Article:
Wilson said she and Crane were talking a few months ago about "Die Fledermaus." Wilson was about to have a child, and wasn't sure how much singing she was willing to take on in the immediate future. On the other hand, "I have always thought about directing," she said.

Rehearsals started late April.

"I think it's shown me as an actor and singer how hard it is to put a production together. ... As a director you have to see everyone's relationship with everyone," she said.

"I come to rehearsal with an idea in mind and give that rough kind of picture to the actors," Wilson said of her directorial approach. "I had a sense of what they were going to give me. I feel like as a director it's important to give people a broad canvass with which to play with."

Asked if she's had dictatorial directors as a performer, she said, "I have, and it doesn't help you as an actor, to really let your creative juices flow. I feel it almost stifles my performance a little bit."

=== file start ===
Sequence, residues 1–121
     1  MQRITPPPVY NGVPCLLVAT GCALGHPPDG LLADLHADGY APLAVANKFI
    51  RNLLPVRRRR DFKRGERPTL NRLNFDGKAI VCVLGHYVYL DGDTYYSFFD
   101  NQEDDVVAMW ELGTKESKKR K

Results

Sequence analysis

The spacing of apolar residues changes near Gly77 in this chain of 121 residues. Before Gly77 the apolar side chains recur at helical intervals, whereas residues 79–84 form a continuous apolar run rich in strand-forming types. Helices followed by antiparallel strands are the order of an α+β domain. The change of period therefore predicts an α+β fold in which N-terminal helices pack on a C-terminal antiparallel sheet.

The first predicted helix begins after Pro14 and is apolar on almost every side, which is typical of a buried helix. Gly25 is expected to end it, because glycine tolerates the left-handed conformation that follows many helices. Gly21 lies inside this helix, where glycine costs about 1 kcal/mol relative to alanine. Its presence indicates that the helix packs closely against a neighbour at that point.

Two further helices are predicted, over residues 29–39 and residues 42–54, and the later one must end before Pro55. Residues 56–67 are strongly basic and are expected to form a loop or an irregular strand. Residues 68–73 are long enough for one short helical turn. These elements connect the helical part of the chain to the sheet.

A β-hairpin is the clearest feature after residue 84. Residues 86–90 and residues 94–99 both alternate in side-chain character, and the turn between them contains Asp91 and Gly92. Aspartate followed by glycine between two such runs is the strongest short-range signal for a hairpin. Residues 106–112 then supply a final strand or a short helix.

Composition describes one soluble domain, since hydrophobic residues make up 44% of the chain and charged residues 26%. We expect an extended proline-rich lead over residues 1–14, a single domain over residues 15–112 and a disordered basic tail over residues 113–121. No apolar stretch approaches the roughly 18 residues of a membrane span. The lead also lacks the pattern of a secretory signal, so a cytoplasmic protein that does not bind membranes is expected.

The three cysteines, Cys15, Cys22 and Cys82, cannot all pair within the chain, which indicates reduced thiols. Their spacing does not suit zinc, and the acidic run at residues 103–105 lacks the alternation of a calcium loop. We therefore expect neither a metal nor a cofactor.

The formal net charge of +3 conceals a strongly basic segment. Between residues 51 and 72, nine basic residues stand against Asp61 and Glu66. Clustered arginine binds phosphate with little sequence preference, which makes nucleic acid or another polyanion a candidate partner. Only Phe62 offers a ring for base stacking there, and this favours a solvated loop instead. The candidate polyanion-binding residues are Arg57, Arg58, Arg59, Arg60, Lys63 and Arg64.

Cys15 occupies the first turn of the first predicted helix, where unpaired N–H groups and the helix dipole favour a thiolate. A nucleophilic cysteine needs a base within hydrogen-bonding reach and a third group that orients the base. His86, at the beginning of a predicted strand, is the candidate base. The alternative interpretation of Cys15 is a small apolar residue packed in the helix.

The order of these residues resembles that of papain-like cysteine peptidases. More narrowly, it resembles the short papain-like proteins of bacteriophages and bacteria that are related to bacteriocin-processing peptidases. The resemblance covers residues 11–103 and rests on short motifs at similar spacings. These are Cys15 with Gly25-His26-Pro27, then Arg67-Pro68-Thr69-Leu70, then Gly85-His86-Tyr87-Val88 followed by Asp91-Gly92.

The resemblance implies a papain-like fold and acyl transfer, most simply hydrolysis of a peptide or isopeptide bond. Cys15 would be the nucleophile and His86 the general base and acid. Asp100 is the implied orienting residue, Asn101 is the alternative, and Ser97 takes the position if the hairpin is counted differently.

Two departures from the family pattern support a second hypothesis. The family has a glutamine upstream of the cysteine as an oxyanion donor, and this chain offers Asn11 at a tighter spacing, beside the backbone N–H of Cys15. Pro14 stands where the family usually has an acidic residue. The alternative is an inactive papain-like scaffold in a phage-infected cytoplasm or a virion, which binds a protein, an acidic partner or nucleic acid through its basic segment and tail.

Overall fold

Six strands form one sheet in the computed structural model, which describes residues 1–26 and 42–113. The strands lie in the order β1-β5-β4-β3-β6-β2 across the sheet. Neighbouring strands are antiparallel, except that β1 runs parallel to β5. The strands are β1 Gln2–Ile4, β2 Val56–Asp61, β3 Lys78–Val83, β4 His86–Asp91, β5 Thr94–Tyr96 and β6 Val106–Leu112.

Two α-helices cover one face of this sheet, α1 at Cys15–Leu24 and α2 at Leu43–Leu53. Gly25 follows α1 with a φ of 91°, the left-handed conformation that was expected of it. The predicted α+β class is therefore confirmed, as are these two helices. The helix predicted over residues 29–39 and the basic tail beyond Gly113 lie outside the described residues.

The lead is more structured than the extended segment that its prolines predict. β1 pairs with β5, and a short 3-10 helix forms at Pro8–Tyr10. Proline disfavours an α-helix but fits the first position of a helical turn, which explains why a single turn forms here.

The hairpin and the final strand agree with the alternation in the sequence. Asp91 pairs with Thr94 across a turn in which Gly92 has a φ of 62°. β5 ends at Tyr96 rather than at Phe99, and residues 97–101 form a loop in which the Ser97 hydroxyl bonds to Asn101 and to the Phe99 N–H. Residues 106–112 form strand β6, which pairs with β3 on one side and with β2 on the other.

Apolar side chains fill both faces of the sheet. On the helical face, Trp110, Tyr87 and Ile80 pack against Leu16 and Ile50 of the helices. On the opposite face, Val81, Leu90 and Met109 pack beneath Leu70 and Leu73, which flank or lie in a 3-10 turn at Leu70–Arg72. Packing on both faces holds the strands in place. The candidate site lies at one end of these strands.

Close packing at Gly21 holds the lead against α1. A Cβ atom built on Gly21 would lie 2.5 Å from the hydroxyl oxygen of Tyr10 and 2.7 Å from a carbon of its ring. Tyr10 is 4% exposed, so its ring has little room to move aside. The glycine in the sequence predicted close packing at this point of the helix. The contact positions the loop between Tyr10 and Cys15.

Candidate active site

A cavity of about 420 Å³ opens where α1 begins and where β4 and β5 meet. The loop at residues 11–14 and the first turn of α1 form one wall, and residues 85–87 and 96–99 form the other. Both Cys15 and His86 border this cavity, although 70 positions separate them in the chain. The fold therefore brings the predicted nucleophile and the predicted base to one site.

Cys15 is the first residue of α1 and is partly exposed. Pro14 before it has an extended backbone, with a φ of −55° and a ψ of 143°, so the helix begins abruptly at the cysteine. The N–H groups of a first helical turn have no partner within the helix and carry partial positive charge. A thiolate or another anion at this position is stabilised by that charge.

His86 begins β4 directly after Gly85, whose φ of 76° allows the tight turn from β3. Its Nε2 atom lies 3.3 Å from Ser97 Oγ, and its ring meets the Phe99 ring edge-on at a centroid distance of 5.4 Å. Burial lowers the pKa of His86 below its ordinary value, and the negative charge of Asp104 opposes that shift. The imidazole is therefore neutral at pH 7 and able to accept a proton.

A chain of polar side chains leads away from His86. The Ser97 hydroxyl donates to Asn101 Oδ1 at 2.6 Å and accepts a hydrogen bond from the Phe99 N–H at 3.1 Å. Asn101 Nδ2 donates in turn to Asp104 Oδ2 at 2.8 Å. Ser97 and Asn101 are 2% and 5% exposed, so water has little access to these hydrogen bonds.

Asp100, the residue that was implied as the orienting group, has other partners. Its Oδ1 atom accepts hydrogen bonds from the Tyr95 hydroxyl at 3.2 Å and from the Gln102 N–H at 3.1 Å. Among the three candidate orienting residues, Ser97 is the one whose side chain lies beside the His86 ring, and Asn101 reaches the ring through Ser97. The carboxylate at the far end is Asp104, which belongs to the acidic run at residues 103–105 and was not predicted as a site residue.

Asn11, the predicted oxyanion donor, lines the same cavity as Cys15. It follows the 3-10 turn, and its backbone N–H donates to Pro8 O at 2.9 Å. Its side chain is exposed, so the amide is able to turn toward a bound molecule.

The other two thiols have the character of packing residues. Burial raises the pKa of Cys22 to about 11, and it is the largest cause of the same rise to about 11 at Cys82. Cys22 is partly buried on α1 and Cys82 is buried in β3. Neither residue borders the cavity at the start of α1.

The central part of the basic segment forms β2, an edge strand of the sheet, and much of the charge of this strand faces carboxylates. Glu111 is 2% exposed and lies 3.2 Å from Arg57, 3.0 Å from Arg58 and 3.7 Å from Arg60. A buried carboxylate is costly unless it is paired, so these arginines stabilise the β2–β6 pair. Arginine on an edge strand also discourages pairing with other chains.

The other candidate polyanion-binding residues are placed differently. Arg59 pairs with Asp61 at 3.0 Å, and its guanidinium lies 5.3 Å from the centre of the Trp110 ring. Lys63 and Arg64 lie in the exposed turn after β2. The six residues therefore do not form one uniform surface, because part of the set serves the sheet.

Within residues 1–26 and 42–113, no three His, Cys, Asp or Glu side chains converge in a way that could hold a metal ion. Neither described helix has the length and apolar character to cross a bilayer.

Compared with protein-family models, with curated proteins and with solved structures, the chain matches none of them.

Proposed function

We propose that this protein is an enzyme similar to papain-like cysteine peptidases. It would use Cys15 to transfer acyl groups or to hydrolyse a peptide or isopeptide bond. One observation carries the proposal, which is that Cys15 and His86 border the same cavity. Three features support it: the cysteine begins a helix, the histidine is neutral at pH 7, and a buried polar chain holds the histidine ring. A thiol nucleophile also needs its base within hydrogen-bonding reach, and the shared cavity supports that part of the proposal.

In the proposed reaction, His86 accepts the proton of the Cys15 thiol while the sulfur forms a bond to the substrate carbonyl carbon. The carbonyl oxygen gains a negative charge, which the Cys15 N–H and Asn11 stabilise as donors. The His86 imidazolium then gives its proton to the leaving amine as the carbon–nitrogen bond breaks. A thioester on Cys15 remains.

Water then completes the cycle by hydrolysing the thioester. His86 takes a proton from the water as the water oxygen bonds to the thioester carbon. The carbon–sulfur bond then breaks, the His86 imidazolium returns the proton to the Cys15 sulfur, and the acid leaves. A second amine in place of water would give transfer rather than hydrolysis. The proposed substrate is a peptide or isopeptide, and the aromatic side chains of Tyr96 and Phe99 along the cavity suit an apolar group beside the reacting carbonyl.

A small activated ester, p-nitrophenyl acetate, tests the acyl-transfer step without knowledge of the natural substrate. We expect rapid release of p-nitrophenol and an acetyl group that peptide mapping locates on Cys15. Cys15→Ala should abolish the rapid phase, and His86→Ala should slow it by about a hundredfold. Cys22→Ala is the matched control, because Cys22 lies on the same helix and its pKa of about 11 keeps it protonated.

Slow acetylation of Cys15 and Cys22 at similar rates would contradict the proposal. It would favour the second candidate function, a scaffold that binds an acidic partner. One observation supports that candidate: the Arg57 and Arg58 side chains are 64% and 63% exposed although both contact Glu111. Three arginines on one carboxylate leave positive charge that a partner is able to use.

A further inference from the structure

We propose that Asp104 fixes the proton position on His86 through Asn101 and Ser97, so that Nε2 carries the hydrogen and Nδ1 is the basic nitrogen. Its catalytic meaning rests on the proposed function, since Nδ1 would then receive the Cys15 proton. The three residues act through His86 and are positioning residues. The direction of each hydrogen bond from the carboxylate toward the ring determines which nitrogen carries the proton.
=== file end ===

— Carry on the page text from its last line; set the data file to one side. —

Wilson's opted for a collaborative model. "I really let it come from them rather than me saying `well this is this, and they're feeling this.'"

And this is, after all, "Die Fledermaus."

"It's very, very fun," she said about the operetta when all is said and done. "One of the cast members said (recently), `I don't think I've ever had so much fun doing an opera.'"

`Die Fledermaus'

When: 8 p.m. Friday and Saturday, and 2 p.m. Sunday

Where: Warner Theatre, Worcester Academy, 81 Providence St., Worcester

How much: $20; $10 students Grades 12 and under. (508) 930-7062; www.worcesteroperaworks.com

ART: PHOTOS

CUTLINE: (1) Pictured at rehearsals recently for "Die Fledermaus" are Elaine Crane and Richard Monroe, above, and Ted Blaisdell, at right. (2) Jacque Eileen Wilson will be making her directorial debut.

PHOTOG: Submitted Photos
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Title Annotation:ENTERTAINMENT & LIFESTYLE
Publication:Telegram & Gazette (Worcester, MA)
Date:Jun 8, 2010
Words:972